David E. Kelley can sleep soundly at night as he can add yet another notch to his bedpost with Boston Legal. The executive producer of hits such as Chicago Hope, Picket Fences, Ally McBeal, Boston Public and The Practice, here older is most certainly wiser. For those of you less familiar with the premise of BL as the opening sequence is attempting to abbreviate, Legal is a spin-off of The Practice which ended it’s seven-season run last year. In fact, Legal (not really feeling the BL) actually began last year under the guise of “The Practice.” Last year’s law firm, clientele, cases (yes, they still have them) and inter-office drama resembled nothing of its previous years. In fact, let’s call it Boston Legal: Prologue since that’s what it was. With Bobby and Lindsay (Kelli Williams) gone, it was up to Camryn Manheim’s Ellenor and Steve Harris’ Eugene to carry the torch. However, with the introduction of James Spader as the its-good-to-be-bad-and-have-no-ethics attorney Alan Shore, Ellenor and Eugene didn’t hold a candle. Sure, there were others on the show – Jimmy, Rebecca, Lucy – boring, boring, boring. Alan Shore began to spike things up a bit with his less than traditional methods of practicing law. He had an affair with a client, used bribery to achieve victory in settlements and engaged in constant flirtation with new cast-member hottie’s such as Tara (Rhona Mitra) and Sally (Lake Bell). However, all is not lost. At the heart of this seemingly sleazy attorney, is, professionally, a man trying to achieve the best result for his clients and, personally, a man on the verge of a breakdown (most of his actions are personally self-destructive). A self-destructive lawyer who is morally ambiguous = good television. Taking the helm from Dylan McDermott, who was part of the mysterious mass wipeout of approximately half of the original cast, Spader’s Alan Shore is essentially the anti-Bobby. He’s vulnerable, eccentric, unethical, unstable and insecure. In short, he’s the best lawyer we’ve yet to see on the small screen. Spader was also joined in cameo appearances by Captain James T. Kirk himself, Star Trek alum William Shatner as the ubiquitous, wealthy and seemingly feeble-minded Denny Crane. In fact, by the end of last season, we were entirely uncertain if Mr. Crane ever practiced law since the only activity we saw him practicing was himself, literally stating “I’m Denny Crane…Denny Crane here” in nearly every scene. Well, Mr. Crane is back – and, in full form. Last week’s premiere episode of Boston Legal opened with Denny Crane in the middle of a personal and professional scandal – he was having an affair with the wife of his highest-paying client. The client, of course, wanted to hire a private investigator to seek out the culprit, which Denny Crane naturally tried to avoid. Since newcomer Lori Colson (Monica Potter) was handling the case, he asked her to convince the client not to pursue a P.I. Lori’s approach, knowing her client to be a womanizer with a flare for young beautiful young women, was to ask Tara (Rhona Mitra) for assistance. Lori, in an effort to convince and avert Ernie’s attention from the P.I., tells Tara: “You’re hot, nasty hot – men leave their wives for you hot. You can file your sexual harassment suit tomorrow. Right now, go in there and flirt.” Though Lori seems to be one of the more morally abiding lawyers so far, it’s good to know she’s not above maximizing her resources.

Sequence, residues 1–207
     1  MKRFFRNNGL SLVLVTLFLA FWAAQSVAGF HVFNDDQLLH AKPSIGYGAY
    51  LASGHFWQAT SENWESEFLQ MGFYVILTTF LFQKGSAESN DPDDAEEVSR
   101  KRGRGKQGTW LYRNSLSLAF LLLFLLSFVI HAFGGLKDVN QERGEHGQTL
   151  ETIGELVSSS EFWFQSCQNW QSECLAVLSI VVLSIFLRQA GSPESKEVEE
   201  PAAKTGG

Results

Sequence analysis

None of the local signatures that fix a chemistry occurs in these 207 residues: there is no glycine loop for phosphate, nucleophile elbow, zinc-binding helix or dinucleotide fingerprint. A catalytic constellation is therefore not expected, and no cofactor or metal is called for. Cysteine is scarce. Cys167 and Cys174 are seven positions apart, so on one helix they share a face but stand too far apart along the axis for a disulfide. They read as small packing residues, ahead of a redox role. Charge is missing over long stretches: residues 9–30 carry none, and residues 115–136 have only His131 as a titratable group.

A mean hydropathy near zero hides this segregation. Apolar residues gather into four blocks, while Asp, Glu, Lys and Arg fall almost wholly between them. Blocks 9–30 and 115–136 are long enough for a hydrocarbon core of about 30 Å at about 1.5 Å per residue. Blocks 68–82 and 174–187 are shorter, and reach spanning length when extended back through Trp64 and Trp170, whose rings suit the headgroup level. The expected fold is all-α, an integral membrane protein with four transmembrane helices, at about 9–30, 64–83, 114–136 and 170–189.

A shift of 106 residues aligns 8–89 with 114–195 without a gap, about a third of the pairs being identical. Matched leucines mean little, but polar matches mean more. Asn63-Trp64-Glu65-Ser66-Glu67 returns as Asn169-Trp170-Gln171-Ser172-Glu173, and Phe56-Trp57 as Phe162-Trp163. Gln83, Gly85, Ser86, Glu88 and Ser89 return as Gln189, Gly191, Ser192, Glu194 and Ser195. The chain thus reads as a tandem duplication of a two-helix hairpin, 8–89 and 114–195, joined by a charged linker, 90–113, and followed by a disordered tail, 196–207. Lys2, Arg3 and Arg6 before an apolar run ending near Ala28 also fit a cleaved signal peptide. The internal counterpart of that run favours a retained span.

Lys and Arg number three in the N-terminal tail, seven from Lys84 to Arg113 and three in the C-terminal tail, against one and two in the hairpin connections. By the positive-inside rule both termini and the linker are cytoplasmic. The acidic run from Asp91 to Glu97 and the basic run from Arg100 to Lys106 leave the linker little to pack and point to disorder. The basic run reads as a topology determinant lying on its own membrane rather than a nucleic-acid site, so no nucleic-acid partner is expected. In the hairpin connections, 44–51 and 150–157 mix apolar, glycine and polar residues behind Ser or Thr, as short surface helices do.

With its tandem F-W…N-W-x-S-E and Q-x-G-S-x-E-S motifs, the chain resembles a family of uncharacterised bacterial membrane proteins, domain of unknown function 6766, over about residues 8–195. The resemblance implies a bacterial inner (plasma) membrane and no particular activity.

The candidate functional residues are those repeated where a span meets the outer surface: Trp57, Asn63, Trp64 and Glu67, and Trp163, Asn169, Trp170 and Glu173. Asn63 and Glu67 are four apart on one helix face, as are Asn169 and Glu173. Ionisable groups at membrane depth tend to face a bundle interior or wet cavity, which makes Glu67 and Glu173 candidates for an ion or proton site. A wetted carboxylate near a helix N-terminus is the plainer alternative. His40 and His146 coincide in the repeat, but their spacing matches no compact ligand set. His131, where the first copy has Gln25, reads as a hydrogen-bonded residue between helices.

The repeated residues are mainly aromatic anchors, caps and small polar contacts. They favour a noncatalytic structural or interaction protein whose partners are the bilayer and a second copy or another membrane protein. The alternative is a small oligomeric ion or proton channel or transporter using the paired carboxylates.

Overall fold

When the client, Ernie, discovers that it is Crane himself who is sleeping with his wife, he shows up in his office with a gun. To which Crane slyly responds, “You know people come in here all the time who want to kill me. Know what I tell them? Go ahead – shoot.” A self-professed legacy with seemingly little substance, Shatner’s egotistical Crane is nothing if not likeable. And like Alan, Denny Crane is has already shown signs of vulnerability. In an intimate closing scene between Alan and Denny Crane, Alan asks if he is scared. Denny Crane is silent for a moment and then says that he does not believe in “tomorrow.” They are silent, toast to “no tomorrow’s” and the scene ends. I will not even begin to analyze that moment – especially not after the first episode. But, the more vulnerable, the more we can identify and sympathize. Their idiosyncrasies and under-the-table antics make them interesting to watch and their insecurities make them real. Well done, writers. Finally, a law show with actual characters.